New Student Recruitment Specialist Targeting Underserved Populations

As he gets acclimated to PCC and his new job as a student recruitment specialist, Juan Paz Jimenez says his coworkers and supervisor have been supportive and that he’s received a warm welcome from everyone he’s met thus far.

WINTERVILLE—He’s lived in America a little more than six months and worked for Pitt Community College a little more than two weeks, but Juan Paz Jimenez is rapidly endearing himself to coworkers and members of the community.

A native of La Ceiba, Honduras, Paz Jimenez was hired by the college to identify underserved populations within Pitt County and connect them to PCC’s programs and services. His first official day as a student recruitment specialist was Jan. 17.

“Juan is a welcome and much-needed addition to our Office of Recruitment,” said PCC Director of Recruitment and First-Year Experience John Carrere. “He brings an excitement for connecting prospective learners to higher education.”

Before moving to the United States in July to accommodate his wife’s new career opportunity, Paz Jimenez taught physics, statistics and mathematics for more than 18 years at the Bilingual School System of Tegucigalpa. He also worked several years as a consultant at Zamorano Pan-American Agricultural School and taught English as a Foreign Language at an English academy.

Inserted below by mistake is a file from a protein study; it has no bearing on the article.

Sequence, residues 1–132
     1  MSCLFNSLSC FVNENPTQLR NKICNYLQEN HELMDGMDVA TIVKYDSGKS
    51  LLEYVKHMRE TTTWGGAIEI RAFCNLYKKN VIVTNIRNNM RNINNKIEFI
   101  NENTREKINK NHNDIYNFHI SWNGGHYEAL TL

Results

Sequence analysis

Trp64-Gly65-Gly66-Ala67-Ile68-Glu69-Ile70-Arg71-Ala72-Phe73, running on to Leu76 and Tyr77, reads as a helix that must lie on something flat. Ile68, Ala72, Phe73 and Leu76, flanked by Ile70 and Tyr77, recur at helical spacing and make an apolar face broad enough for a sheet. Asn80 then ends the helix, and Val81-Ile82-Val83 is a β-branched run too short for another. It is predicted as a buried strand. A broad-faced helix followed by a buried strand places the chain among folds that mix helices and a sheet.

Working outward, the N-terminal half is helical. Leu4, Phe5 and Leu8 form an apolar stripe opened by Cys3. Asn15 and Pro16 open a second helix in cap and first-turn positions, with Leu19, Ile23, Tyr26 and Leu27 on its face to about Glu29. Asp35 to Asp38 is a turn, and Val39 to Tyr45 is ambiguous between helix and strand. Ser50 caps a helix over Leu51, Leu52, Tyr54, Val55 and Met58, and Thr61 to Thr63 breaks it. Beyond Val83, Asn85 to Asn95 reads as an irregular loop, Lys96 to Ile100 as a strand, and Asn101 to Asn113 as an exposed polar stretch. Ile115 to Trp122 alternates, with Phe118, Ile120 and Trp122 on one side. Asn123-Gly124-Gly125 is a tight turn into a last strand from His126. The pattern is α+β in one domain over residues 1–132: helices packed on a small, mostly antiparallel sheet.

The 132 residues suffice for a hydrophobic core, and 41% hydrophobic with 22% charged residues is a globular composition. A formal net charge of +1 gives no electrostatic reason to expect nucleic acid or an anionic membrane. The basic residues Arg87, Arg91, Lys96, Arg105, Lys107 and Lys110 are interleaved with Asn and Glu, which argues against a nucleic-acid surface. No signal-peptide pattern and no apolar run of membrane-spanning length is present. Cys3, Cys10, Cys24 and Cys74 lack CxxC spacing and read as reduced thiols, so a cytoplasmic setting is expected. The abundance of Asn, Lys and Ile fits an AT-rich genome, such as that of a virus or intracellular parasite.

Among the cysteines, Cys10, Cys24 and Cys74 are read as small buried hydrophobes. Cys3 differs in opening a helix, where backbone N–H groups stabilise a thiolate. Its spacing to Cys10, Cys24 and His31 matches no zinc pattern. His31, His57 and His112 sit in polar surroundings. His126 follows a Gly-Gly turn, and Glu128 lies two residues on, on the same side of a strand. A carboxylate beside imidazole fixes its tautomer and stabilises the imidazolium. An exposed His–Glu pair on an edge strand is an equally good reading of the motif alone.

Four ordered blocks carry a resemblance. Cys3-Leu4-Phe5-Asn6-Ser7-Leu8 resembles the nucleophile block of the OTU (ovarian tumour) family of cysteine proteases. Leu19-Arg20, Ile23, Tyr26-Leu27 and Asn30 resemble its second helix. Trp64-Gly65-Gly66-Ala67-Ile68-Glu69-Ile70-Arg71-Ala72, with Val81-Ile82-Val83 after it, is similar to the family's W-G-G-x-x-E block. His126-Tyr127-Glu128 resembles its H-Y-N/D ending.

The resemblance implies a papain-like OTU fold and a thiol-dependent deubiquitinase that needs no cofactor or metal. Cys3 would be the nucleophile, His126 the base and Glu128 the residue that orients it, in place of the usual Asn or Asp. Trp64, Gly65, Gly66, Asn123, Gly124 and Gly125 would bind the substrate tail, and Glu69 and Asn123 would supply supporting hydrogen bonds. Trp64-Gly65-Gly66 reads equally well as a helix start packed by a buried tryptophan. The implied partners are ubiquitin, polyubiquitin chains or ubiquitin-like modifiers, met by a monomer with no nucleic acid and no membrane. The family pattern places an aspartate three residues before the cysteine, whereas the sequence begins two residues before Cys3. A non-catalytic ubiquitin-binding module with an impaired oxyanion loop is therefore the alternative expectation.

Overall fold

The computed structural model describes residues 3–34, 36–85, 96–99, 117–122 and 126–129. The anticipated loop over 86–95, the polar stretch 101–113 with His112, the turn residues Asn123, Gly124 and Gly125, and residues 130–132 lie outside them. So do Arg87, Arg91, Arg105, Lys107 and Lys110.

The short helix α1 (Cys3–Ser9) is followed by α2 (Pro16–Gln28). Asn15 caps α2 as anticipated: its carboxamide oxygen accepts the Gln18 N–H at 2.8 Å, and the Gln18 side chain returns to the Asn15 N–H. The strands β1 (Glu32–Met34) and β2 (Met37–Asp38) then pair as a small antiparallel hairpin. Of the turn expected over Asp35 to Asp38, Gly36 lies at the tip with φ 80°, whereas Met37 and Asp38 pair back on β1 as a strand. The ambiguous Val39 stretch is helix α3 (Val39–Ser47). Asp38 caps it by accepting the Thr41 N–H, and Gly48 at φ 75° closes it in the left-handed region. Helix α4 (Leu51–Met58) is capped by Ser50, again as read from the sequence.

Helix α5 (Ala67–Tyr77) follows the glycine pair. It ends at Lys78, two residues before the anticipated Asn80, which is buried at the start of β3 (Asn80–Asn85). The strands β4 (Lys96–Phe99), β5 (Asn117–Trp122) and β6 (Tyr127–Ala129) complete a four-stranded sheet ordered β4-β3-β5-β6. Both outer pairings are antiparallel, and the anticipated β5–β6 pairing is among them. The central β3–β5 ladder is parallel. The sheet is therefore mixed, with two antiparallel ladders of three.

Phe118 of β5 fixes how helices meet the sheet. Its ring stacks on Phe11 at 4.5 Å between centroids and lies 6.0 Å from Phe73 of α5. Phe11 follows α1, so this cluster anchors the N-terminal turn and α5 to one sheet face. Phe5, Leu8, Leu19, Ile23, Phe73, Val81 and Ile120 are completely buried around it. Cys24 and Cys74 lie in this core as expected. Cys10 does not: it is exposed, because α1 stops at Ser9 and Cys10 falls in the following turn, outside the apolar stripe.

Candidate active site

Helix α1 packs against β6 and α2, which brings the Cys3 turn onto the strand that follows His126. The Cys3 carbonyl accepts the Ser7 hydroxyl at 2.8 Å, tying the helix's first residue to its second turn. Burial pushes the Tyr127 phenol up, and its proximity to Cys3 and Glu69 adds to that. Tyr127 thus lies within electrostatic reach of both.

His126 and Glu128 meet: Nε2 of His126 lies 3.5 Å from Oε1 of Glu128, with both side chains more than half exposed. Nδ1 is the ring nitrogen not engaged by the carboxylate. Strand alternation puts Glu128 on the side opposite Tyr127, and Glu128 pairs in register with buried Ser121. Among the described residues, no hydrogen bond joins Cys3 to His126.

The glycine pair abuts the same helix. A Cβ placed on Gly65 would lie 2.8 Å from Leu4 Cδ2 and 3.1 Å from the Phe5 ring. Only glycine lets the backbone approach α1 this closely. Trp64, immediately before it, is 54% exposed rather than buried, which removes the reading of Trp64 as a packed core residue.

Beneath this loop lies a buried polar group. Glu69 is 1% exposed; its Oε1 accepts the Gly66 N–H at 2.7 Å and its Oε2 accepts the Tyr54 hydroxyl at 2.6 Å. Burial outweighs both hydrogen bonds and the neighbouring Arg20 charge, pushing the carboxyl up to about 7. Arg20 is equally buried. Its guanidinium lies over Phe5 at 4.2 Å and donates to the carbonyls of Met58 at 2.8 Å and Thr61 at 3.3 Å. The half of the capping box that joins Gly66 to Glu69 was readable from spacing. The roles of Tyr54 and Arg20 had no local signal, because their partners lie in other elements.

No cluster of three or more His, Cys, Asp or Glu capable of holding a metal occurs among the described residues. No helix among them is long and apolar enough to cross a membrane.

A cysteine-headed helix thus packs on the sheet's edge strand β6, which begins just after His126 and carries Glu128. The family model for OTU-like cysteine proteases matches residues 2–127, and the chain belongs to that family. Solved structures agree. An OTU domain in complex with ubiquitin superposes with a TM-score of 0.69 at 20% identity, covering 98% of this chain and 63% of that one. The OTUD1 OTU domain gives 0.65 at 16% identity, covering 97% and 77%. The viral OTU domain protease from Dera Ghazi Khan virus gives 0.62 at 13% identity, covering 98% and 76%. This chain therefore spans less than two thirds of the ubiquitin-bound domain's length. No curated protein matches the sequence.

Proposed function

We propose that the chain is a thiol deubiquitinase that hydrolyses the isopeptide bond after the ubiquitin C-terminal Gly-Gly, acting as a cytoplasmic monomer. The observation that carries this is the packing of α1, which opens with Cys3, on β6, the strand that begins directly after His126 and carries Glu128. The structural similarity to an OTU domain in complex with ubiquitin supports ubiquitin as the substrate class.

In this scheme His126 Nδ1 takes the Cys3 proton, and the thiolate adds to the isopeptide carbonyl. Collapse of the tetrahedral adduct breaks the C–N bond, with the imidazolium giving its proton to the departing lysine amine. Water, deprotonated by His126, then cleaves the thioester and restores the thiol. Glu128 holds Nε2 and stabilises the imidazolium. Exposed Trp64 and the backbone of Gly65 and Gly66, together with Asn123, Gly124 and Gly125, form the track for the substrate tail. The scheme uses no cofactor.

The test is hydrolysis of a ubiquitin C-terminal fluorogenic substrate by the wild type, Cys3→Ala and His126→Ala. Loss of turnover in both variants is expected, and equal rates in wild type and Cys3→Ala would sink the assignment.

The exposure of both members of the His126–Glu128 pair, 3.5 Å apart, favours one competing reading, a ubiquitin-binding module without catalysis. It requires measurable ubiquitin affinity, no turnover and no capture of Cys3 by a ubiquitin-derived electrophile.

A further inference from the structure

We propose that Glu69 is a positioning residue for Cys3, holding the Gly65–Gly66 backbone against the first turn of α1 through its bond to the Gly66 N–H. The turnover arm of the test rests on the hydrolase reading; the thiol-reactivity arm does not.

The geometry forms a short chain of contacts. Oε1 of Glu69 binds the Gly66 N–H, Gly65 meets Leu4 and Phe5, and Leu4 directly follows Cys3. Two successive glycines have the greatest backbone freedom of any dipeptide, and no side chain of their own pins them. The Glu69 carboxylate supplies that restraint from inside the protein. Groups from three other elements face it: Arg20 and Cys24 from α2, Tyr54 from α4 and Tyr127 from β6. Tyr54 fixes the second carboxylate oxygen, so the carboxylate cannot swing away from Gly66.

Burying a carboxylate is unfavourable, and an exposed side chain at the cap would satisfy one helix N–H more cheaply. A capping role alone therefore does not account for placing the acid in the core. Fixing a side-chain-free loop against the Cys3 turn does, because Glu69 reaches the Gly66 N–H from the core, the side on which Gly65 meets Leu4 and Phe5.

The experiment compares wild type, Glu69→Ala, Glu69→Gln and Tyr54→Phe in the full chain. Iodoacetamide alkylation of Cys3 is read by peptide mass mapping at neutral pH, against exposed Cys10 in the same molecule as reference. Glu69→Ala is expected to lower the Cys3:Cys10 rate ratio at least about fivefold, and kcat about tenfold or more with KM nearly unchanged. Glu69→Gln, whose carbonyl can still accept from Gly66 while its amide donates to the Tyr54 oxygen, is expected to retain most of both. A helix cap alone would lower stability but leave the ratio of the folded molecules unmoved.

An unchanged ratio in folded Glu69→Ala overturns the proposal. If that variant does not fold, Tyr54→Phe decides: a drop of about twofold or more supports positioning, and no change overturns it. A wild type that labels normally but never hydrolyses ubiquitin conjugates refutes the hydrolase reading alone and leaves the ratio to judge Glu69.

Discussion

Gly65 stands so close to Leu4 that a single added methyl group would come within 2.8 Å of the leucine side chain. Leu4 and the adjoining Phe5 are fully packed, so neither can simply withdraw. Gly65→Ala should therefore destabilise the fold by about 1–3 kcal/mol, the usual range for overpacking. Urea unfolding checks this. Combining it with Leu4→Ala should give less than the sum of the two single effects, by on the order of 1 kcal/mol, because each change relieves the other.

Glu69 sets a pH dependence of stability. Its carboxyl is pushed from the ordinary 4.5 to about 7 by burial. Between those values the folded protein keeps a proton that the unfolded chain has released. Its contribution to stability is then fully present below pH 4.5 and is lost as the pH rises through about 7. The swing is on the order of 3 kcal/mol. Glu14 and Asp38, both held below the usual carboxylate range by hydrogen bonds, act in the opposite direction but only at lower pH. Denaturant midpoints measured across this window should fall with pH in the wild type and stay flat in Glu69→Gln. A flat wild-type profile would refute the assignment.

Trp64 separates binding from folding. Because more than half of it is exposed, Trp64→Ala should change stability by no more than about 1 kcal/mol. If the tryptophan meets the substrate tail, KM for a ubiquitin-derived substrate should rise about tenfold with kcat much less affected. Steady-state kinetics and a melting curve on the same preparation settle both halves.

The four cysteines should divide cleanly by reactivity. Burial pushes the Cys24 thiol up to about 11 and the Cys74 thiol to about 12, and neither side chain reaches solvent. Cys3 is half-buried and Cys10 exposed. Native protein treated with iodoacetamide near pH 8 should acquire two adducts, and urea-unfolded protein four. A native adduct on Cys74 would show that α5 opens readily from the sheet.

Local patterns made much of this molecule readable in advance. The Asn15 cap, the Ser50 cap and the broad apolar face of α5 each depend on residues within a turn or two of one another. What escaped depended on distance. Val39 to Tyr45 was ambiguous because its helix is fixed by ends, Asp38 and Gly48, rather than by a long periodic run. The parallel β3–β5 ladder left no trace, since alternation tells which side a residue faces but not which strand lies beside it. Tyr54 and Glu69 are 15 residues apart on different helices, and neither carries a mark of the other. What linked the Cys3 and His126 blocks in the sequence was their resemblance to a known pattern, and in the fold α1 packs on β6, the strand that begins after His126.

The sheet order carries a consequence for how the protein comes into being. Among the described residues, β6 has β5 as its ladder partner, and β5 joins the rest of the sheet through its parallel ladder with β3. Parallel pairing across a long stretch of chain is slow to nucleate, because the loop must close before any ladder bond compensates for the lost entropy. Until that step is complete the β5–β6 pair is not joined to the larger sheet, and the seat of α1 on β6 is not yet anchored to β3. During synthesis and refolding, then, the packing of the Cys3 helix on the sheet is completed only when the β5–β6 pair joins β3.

Carrere said the combination of Paz Jimenez’s work history and bilingual ability make him an integral part of PCC’s multifaceted recruitment efforts.

“Juan has a stellar background in education and classroom management, and we see his time as an educator as a great way to connect with our high school student populations,” Carrere said. “His addition to our team will also help us reach our Spanish-speaking learner populations more effectively.”

Paz Jimenez says the opportunity to help others improve their life’s circumstances through higher education and pursue their professional goals is what drew him to his new role as a PCC recruiter. He says he is looking forward to doing his part to promote the college and improve its visibility, particularly with prospective Hispanic students.

“I’m excited about having a chance to recruit Hispanic students and support them throughout the admissions and enrollment process,” he said. “For some of them, communicating in their native tongue will make it a lot easier to share their thoughts, ideas, concerns and experiences. It will allow them to feel more valued and understood.”

But Paz Jimenez knows challenges lie ahead, making it imperative he and his co-workers develop effective recruiting strategies that appeal to students and ensure they are aware of the college’s many support services, especially members of the community’s underserved Hispanic population.

“Many Hispanic families in our area lack the necessary income to pay for college tuition,” Paz Jimenez said. “As a result, most of the potential students in those households will opt to find work and earn money to support their families instead of furthering their studies. Breaking that paradigm represents a real and great challenge for any recruiter out there.”

Ever the educational proponent, Paz Jimenez says the thought of helping members of his new community achieve their dreams will keep him motivated on the job.

“Knowing that I could be recruiting the next mayor, senator, doctor, researcher, astronaut, astrophysicist or, who knows, maybe the next U.S. president one day, is the most exciting part of my job,” he said. “I’m confident the PCC Office of Recruitment will make a difference and impact many lives with what we do out there to educate and empower people for success.”